Steiffgal entered the salesroom at about 9:30am, and it was already quite full, maybe 75 people were already seated in theatre-style seating facing the wooden auction podium. By 9:45am, the staff put out several more rows of chairs, which quickly filled with additional attendees. In terms of set-up, the Harlequin Bear (pictured here on the left) was in its own separate vitrine to the left of the podium; to the right of the podium were showcases containing what were expected to be other auction highlights. On the walls were flat screen TVs; as each lot came up for auction they would feature the item and its lot number, and then its price in Pounds, Dollars, Euros, and Japanese Yen. The actual items for sale were not presented live at the auction.
The auction itself went a bit longer than expected. It started on the dot of 10am, and finished up around 7:30pm. There were no breaks at all, not even for lunch! (Tip: if you ever attend an auction, bring along a snack or lunch… just in case!) All in all, 652 lots were auctioned off; 641 of these were published in the catalog with an additional “bonus” eleven lots added in after the catalog went to print. Steiffgal “Tweeted” the auction live for the entire event, sharing the excitement of the real-time happenings with collectors all over the world. Christie’s was kind enough to note Steiffgal’s Twitter handle and timeline in their announcement about the sale of the Harlequin Bear! Steiffgal was also quoted in a Bloomberg article about the results of the auction, from the collector’s perspective.
Four auctioneers covered the auction, each was very different in his style. The first one was very energetic and had a fun tie, he got people excited and pumped up at the proceedings. The second one was very flirty with the audience and really got the bidding going with his coaxing and pace. The third one was quite funny; he brought along two tiny Steiff Teds and placed them on his podium and made a joke about it. When a Steiff play duck came up for auction, he put his gavel down, looked puzzled, and asked the audience, “What’s that thing on the top of his head?” The audience quickly replied, “a pom-pom!” The woman sitting next to Steiffgal, a Christie’s regular, said that this auctioneer was known for his comical antics during a sale. And finally, the last auctioneer was by far the most dapperly dressed, and the fastest talker. He kept the pace and the bids coming, even into the final stretch of a very long day.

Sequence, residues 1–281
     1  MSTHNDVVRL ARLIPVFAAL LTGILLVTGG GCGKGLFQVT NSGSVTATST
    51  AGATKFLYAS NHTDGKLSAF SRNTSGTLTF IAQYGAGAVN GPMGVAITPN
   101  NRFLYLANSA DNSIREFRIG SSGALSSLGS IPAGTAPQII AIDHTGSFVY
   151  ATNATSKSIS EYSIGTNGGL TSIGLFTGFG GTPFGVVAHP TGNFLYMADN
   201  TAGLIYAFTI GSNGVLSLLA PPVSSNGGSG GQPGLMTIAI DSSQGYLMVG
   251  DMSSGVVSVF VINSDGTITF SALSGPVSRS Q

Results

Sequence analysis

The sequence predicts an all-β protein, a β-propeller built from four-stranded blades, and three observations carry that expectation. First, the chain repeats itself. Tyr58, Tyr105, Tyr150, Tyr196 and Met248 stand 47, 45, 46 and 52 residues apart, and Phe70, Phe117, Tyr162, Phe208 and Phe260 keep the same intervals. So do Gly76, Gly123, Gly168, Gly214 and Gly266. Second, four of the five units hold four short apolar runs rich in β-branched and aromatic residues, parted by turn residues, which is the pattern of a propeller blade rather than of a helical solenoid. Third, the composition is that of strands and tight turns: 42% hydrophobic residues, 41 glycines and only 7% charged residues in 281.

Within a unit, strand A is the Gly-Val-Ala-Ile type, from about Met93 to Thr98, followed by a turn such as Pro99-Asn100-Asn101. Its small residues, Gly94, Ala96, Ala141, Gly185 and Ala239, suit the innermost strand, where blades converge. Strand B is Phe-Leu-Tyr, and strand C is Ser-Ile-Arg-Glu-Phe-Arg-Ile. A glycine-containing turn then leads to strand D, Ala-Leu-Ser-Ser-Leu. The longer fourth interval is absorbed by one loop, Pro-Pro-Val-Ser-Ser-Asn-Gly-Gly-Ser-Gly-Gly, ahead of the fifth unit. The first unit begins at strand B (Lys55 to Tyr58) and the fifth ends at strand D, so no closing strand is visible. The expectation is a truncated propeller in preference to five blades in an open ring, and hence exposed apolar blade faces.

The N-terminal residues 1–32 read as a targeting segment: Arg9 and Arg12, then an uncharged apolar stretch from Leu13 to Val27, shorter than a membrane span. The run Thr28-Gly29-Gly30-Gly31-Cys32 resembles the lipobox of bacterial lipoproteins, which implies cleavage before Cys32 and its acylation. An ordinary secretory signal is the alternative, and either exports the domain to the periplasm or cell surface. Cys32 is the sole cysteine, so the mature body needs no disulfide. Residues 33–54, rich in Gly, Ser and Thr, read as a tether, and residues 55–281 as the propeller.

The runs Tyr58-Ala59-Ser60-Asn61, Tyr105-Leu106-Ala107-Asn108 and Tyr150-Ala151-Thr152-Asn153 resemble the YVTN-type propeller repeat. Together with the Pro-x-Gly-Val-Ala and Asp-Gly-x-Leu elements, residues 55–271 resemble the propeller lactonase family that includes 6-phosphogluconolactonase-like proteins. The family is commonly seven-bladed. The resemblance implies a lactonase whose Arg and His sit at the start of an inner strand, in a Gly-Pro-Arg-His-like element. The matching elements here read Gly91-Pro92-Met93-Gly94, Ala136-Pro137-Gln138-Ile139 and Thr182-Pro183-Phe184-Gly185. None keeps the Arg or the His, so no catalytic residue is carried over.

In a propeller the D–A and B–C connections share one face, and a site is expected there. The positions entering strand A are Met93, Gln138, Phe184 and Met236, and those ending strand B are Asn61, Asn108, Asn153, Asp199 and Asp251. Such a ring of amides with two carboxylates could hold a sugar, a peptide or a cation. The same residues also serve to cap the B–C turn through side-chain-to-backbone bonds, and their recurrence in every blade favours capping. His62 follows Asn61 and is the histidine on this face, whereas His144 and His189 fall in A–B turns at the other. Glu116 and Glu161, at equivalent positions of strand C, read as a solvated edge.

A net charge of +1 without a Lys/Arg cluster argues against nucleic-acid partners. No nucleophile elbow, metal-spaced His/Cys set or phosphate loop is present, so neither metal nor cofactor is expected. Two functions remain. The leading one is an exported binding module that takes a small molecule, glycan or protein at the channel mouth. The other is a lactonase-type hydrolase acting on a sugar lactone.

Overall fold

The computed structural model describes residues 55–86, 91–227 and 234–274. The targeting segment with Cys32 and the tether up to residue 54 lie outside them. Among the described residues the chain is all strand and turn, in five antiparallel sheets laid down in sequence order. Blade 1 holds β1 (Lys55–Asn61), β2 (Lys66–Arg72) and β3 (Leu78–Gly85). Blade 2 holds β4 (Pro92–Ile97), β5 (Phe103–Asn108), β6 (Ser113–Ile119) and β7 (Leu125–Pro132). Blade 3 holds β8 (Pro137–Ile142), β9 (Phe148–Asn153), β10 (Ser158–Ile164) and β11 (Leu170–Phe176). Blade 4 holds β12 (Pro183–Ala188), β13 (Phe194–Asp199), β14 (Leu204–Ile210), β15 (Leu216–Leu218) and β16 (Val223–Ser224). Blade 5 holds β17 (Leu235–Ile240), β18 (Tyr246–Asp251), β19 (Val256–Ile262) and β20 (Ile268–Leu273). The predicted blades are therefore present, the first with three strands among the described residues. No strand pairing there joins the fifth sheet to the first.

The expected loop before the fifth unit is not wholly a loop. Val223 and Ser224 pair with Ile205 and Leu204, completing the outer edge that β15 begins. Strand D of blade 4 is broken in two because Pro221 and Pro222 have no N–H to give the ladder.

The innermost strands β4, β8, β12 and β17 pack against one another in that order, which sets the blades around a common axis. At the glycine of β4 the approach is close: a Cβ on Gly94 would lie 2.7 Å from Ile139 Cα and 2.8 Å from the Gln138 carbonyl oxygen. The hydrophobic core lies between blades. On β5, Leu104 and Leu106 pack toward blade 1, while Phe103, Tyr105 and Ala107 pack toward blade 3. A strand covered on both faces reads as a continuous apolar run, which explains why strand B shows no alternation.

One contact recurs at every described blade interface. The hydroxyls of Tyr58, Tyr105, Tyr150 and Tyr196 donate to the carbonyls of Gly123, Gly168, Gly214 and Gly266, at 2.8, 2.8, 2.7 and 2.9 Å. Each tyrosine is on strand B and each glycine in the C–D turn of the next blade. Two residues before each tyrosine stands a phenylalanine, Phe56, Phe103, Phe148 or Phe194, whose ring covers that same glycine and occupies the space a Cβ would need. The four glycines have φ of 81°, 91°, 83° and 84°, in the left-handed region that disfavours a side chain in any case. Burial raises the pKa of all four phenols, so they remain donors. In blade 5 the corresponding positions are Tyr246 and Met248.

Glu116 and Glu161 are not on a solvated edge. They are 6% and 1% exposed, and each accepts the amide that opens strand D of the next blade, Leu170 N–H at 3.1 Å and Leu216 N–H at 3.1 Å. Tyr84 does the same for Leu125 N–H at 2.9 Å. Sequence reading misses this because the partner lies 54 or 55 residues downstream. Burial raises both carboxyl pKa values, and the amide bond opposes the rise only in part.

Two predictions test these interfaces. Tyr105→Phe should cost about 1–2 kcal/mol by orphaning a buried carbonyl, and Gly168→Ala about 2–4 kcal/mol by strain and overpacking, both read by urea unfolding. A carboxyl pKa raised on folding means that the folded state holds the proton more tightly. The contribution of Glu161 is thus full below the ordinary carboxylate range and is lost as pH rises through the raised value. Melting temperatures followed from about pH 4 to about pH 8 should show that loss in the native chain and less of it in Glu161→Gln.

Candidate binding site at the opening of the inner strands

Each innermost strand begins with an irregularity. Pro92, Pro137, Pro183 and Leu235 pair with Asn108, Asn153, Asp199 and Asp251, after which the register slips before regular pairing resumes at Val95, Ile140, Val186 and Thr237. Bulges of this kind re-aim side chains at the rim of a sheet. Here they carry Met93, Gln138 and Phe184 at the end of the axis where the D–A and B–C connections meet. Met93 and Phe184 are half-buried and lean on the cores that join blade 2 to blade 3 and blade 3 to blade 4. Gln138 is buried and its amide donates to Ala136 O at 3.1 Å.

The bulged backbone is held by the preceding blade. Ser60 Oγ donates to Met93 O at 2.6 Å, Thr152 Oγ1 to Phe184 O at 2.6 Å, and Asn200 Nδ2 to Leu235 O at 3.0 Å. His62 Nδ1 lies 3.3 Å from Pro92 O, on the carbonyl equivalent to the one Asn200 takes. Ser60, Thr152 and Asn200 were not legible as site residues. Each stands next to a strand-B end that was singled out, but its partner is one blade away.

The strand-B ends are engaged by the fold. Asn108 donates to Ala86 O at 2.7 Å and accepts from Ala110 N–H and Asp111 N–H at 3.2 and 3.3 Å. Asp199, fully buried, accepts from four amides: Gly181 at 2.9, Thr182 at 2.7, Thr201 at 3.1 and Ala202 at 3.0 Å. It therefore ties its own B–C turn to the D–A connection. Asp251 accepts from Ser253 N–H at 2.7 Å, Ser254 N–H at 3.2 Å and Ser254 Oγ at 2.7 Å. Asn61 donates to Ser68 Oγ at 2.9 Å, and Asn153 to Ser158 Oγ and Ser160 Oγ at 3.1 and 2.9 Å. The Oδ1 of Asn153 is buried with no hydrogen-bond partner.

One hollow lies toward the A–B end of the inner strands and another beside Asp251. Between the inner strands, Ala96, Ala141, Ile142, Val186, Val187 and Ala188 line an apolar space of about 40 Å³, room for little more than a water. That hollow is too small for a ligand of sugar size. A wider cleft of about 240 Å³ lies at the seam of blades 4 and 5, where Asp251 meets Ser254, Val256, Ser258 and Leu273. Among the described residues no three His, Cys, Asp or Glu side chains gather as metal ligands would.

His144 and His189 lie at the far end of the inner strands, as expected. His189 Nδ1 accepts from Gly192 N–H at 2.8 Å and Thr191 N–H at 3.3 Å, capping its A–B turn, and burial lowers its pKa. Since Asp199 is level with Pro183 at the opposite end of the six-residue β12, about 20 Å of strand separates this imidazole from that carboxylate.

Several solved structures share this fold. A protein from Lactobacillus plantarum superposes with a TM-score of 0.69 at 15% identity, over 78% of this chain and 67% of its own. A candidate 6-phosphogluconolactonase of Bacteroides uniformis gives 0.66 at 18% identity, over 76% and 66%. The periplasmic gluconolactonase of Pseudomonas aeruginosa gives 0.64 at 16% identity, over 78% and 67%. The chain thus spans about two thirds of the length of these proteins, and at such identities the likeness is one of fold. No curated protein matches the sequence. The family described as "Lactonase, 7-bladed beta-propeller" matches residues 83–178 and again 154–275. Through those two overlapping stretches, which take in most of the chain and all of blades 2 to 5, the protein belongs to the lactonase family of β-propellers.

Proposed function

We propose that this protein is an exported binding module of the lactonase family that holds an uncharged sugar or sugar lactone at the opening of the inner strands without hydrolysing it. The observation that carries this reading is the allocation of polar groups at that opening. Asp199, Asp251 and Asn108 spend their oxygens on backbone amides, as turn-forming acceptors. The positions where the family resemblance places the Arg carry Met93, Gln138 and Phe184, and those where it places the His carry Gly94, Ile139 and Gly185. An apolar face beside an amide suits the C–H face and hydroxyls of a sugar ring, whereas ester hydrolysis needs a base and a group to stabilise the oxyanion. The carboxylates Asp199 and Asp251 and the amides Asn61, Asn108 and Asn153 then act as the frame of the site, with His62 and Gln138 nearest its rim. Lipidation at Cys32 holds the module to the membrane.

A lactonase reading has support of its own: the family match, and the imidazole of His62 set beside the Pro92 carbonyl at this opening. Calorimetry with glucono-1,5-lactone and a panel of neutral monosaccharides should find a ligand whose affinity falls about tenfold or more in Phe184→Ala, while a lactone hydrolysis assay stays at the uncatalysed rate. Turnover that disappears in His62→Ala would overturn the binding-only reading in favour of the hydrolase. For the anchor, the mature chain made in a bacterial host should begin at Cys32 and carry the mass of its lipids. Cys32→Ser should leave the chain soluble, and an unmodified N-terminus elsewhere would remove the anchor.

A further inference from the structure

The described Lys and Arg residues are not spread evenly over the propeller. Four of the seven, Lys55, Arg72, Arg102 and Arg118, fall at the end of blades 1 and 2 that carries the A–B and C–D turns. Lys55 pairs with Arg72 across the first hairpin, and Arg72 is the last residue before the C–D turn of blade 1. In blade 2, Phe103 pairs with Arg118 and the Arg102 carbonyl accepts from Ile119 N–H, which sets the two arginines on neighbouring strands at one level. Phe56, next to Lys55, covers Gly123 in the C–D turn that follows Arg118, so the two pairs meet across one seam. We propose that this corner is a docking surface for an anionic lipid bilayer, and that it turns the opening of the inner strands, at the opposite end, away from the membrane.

The decorum during the sale was a little different than Steiffgal thought it would be. In general, the attendees were very quiet and businesslike. There wasn’t any clapping or celebration when certain lots sold (except when Steiffgal won her lots, but she kept her excitement rather private…) The pace was also unexpected. The Harlequin Bear sold in what seemed to be less than a minute, blink and you would have missed it. On the other hand, some more “common” treasures, like the Steiff Bully Bulldogs and woolen miniatures, seemed to take far longer to close. Much of the bidding action came via phone and internet bidders; there was a bank of Christie’s employees off to the side of the salesroom taking these orders from remote bidders. A woman in a pink jacket bought many items; another woman kept waving a red pen to bid – and was gently reminded by the auctioneer to use her paddle so he would not miss her interest. The woman sitting to the left of Steiffgal came for the last lot in the printed auction catalog, a group of Steiff Disney animals from The Jungle Book; these are pictured above on the left. Thankfully she did win the grouping – it would have been such a disappointment to go home empty handed after such a long day.